Using emotions in migration policy communication


Published February 2023

#Migration Narratives and Public Opinion #Migration Dialogues #Cross Cutting Topics


Emotions are regularly cited as vital components of effective strategic communication in the world of migration and beyond. However, until this report, there was relatively little guidance about how emotions should be used in migration policy communication. Emotions are vital to persuasion because attitudes have a cognitive (thinking) component and an emotional (feeling) component. Moreover, eliciting emotions causes involuntary but predictable physiological and behavioural reactions. Emotions can be used in communication to make one’s messages more resonant and impactful on both attitudes and behaviours, supporting policy objectives via persuasion.

Communicators should choose the desired emotional reaction according to the desired physiological and behavioural reaction using existing psychological schema, one of which this report analyses with 32 separate emotions and physiological reactions. Eliciting unsuitable emotions may have adverse reactions from audiences. Communicators can use this report’s recommendation and framework to ensure that the emotions, physiological and desired behaviours of their campaigns are aligned and thus effective. Narratives, personal-based messages, facial expressions, body language, and aesthetics can be used to create emotional resonance and reduce psychological distance. Frames, ordering (“emotional flow”), intensities, and certain combinations can also be used to elicit different emotions with predictable outcomes.

Emotions should be used to make one’s argument more resonant but the argument should not be simply based on the emotional reaction—the “appeal to emotion” logical fallacy. Indeed, for emotion-based communication to work, it should also use facts, values, identities, and efficacy. Emotion-based communication in the field of migration, although widely used, is largely untested—communicators should test different approaches but also can take lessons from other fields such as corporate, health, and climate change communications.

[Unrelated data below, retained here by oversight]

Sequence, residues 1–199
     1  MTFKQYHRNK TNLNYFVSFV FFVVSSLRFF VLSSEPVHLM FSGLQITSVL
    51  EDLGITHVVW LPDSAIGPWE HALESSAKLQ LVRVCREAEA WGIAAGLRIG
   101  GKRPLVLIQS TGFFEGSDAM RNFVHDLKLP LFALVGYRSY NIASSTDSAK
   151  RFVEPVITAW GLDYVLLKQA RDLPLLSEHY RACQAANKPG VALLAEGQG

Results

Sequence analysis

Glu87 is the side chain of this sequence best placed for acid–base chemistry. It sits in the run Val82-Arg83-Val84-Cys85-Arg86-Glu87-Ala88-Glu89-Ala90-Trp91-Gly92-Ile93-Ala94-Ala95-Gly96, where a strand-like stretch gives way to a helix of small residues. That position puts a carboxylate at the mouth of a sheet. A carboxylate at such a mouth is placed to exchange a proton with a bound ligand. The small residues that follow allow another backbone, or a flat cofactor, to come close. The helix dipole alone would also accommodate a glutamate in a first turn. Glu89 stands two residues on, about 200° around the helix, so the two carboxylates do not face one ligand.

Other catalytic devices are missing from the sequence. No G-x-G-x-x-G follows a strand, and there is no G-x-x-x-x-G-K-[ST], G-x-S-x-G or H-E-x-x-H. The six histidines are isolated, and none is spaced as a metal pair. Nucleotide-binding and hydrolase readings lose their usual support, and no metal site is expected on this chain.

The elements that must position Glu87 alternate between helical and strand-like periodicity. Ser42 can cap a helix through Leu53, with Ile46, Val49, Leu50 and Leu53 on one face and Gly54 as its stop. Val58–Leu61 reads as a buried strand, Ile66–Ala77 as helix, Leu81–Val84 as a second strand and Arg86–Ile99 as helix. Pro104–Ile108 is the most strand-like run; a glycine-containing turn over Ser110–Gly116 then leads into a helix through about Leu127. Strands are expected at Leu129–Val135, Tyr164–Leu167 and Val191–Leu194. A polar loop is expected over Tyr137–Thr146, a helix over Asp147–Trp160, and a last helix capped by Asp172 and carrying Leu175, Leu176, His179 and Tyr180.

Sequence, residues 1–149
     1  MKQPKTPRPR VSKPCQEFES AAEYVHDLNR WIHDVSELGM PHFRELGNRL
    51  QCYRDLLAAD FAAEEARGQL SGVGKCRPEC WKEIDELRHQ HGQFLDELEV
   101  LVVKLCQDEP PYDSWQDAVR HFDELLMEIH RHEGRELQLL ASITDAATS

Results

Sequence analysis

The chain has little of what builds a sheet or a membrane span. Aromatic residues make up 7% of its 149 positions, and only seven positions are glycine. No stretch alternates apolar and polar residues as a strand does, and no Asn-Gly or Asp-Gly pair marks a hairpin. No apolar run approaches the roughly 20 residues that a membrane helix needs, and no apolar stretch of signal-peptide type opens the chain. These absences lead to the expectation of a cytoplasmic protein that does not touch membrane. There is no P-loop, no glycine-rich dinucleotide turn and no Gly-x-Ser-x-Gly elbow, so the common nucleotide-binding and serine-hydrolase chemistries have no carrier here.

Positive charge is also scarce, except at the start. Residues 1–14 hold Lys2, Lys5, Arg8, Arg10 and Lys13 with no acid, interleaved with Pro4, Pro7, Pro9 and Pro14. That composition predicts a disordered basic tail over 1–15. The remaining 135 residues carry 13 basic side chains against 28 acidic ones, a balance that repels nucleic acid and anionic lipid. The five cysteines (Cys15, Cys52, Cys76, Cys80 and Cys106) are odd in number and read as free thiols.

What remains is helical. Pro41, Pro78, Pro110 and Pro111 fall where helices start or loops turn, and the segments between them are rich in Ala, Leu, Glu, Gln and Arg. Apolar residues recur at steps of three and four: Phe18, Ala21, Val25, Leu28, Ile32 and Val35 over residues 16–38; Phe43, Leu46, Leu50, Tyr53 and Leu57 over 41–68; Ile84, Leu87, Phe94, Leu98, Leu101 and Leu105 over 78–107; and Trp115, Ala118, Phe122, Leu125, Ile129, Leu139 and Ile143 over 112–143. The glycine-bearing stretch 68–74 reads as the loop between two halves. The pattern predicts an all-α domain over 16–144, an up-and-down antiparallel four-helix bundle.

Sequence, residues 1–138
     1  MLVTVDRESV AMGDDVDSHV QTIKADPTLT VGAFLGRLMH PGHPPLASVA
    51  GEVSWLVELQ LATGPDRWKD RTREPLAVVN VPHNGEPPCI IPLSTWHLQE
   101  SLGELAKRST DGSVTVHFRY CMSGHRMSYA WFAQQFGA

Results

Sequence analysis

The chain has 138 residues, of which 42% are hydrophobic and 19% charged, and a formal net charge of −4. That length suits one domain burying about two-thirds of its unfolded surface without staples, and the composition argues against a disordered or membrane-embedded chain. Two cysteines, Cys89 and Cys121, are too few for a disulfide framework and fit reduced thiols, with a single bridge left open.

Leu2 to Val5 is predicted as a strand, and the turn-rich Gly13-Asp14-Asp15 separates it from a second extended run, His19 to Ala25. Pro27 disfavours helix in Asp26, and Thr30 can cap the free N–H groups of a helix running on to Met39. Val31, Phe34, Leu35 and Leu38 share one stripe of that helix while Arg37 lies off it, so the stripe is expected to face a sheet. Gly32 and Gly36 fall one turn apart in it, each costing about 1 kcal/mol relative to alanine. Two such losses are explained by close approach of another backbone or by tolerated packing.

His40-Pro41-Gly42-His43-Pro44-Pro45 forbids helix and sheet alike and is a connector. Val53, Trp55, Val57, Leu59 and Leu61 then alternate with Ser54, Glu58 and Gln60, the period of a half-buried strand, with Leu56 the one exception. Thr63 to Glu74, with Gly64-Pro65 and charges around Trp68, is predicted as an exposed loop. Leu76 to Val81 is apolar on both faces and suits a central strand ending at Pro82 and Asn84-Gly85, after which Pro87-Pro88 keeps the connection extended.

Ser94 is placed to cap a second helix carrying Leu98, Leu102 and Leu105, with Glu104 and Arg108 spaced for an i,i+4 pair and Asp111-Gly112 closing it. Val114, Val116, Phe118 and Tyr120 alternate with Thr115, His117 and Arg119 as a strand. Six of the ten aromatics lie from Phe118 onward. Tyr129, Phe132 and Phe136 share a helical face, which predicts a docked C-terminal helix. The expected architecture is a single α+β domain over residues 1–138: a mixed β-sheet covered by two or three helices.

This report critically analyses 10 examples of good emotion-based migration communication, highlighting the different emotions and physiological reactions that they are likely to induce, and to what extent these are in line with the communication campaign’s stated objectives.


Strategic Communication for Migration Policymakers – Lessons from the State of the Science


Published December 2021

Immigration narratives in the Euro-Mediterranean region: what people believe and why


Published July 2021

#Migration Narratives and Public Opinion #Migration Dialogues


This report draws on recent scholarly advances to better specify what narratives are and to explain variation in their popularity before considering how their effects on immigration policy preferences varies. The study then considers the popularity of eight simple migration narratives — four positive, four negative — in eight countries across the Euro-Mediterranean region today using recent World Values Survey data. Finally, the extent to which belief in each of these narratives affects one’s preferred immigration policy is tested.

Impact of Public Attitudes to migration on the political environment in the Euro-Mediterranean Region – First Chapter Europe


Published June 2021



The report forms part of the Phase III Euromed Migration Communications Study. This chapter considers how and why these dramatic changes in the importance of the issue, or salience of immigration, occurred in European politics. It combines findings from various scientific sources to produce a theoretical framework that explains how salience affects electoral outcomes, both in terms of turnout and results, and ultimately public policy via emotional activation, exposure to information and evaluation of politicians.

How to Perform Impact Assessments: Key Steps for Assessing Communication Interventions


Published August 2020


The demand for assessing the impact of communication campaigns across all sectors is increasing. In the field of migration, this demand is particularly acute because of, amongst other things, the potential of such campaigns to have real-world consequences for millions of people. This report brings together disparate terminology, findings and recommendations from the private and public sectors and academia to synthesise a set of five general steps for practitioners when performing IAs.